There are a couple of good derelict pubs just out of Liverpool Street. I tried using Lexie's head as a tripod to get photos of them. He wasn't too happy. And I was a bit to slow on the button and missed the "Truman, Hanbury and Buxton's Entire" sign. "Look, Dolores, there's Balls Brothers wine merchants. I should go there one day and tell them Pete had promised me a case of champagne."
At least we didn't have to take our shoes off at security this time. Or our belts. And they didn't pick out Dolores's bag, as they had at Schiphol. Even after stocking up on precsription drugs in Boots, I still had a few quid left. What better place to dump them than Weatherspoons?
Greene King Abbot and Marston's Pedigree was about all they had that a CAMRA brainwashee like myself would feel comfortable drinking. I'm not even sure I should feel comfortable about those two, either. Pint of Pedigree it was, then.
Loads of people slag off Pedigree. My brother never liked it, even before Marston's became a "new national", as CAMRA so nattily names them. There's a good deal of obscurantism amongst beer geeks (take a look at the top 50 of RateBeer or BeerAdvocate if you want confirmation). Anything widely available must be crap. Anything you can only drink every third Thursday of the month in a pub half way up K2 must be wonderful. Myself, I try to keep an open mind. Some of my all-time favourite beers - Tetley's Mild is a good example - are mass-produced by big brewers.
My Pedigree was much as I remembered it. A nice farty smell from the Burton water. Crisp, well-defined bitterness. Really quite nice. Just like a Best Bitter should be. Exactly why does it get so much hate? Because people don't like the company that brews it? That's pretty pathetic, really.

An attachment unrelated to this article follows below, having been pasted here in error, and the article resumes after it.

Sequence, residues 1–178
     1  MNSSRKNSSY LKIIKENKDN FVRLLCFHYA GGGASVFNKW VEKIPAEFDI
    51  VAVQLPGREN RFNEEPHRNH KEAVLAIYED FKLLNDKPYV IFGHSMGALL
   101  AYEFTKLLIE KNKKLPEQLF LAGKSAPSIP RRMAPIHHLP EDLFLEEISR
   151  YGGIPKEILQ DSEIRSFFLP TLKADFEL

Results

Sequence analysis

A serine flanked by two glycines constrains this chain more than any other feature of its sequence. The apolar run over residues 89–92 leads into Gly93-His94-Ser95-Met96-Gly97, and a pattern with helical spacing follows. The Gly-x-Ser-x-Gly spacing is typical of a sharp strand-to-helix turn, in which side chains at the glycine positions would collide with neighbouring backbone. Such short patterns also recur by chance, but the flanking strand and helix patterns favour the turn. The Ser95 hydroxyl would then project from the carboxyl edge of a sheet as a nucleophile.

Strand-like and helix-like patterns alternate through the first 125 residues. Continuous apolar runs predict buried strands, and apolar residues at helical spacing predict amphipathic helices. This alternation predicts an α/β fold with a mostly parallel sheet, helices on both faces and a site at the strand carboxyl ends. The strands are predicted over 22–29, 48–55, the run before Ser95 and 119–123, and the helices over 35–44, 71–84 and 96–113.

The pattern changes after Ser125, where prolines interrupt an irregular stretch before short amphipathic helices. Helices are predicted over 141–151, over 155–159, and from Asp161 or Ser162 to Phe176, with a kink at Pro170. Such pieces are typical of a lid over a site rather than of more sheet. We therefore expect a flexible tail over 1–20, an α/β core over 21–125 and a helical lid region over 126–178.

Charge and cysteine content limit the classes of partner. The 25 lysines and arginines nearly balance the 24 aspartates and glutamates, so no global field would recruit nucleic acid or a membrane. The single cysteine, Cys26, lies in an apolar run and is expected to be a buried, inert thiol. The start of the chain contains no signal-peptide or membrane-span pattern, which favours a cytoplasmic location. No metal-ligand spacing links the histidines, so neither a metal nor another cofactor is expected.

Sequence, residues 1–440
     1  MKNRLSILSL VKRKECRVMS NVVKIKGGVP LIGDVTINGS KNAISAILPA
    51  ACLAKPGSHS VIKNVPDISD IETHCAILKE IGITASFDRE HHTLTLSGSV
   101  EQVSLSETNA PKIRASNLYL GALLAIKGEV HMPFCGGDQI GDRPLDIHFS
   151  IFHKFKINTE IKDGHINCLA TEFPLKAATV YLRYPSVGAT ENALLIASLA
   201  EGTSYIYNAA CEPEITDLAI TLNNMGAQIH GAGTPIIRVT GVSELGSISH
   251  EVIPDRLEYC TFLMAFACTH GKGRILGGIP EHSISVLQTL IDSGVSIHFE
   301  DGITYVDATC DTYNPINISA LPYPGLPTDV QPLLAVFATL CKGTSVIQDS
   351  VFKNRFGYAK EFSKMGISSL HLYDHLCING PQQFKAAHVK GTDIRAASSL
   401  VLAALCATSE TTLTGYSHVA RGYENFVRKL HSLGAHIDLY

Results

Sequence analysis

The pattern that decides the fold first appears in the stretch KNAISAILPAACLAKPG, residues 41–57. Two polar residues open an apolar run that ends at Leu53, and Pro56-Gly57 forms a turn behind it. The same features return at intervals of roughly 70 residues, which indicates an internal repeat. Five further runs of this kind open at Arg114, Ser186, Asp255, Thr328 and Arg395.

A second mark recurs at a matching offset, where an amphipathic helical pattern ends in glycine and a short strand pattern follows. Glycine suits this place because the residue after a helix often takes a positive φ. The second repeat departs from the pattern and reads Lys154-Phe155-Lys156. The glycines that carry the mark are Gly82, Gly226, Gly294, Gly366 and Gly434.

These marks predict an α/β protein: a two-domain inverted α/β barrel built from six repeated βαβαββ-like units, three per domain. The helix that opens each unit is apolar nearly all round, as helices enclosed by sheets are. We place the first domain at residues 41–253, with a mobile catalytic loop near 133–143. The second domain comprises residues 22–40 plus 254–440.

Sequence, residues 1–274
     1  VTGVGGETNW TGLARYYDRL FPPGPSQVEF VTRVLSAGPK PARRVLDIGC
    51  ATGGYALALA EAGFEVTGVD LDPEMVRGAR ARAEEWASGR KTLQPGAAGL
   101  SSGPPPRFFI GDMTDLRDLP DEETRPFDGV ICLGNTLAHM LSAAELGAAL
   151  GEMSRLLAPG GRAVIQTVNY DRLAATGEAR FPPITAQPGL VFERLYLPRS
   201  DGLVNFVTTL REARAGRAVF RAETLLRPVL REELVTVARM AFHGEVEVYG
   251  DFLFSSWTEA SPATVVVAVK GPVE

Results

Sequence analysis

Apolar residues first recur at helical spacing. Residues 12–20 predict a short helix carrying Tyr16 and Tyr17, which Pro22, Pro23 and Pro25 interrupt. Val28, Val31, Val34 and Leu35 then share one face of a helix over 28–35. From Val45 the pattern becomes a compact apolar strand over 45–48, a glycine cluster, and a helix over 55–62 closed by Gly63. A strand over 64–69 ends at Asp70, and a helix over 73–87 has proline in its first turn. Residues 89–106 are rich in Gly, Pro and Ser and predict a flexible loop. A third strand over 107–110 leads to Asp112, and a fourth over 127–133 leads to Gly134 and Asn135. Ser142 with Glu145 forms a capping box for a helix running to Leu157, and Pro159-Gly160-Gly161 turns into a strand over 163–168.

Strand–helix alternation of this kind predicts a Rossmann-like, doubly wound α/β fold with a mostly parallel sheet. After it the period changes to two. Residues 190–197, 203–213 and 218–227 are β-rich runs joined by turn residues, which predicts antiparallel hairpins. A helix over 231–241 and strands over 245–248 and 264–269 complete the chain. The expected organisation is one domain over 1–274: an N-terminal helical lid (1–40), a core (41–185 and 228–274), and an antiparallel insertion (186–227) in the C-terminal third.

I was half way down my second Pedigree when Dolores appeared. Andrew was starting to panic because it said "last call" next to our flight on the display. I know that trick. It wasn't really about to depart. They just wanted to get everyone out of the bar and to the gate.
There was the usual mob around the gate. When I fly by myself, I always pay the extra for speedy boarding. But X4 it starts getting expensive. Luckily, we got ourselves at the front of the plebs boarding group. Just as well. We grabbed the last set of three seats. Lexie, as always, took the window seat.
"Two Bells, please." I didn't mean the brass things that make a ringing noise. "Daaad, I'll tell mum." Lexie warned. Bastard. Dolores was sitting two rows back, out of sight. Hasn't he learned not to grass up his dad?
We decided to take the train rather than a taxi. The connection to Amsterdam Zuid is pretty good. We only had to wait a couple of minutes and even got seats together. But then disaster struck.
Dolores had to restrain Lexie as he tried to barge his way past some fellow passengers wishing to alight at Zuid. This distracted her to such an extent that she forgot about the suitcase she'd put up on the rack. Only when we were at the GVB counter buying a strippenkaart did she remember. By that time the train was long gone. On its way to Groningen. About as far away as you can get from Amsterdam without dropping into the North Sea.
Fortunately my fliptop wasn't in the bag. Just the bacon, sausage, most of the pork pies and Dolores's clothes. It could have been worse. Next day, Dolores rang Groningen station. Yes, they had found the bag. Hooray! But they'd destroyed all the food. Aaaagh! Dolores had a five hour round trip to collect it. It didn't work out too badly. But it was a shame about the bacon.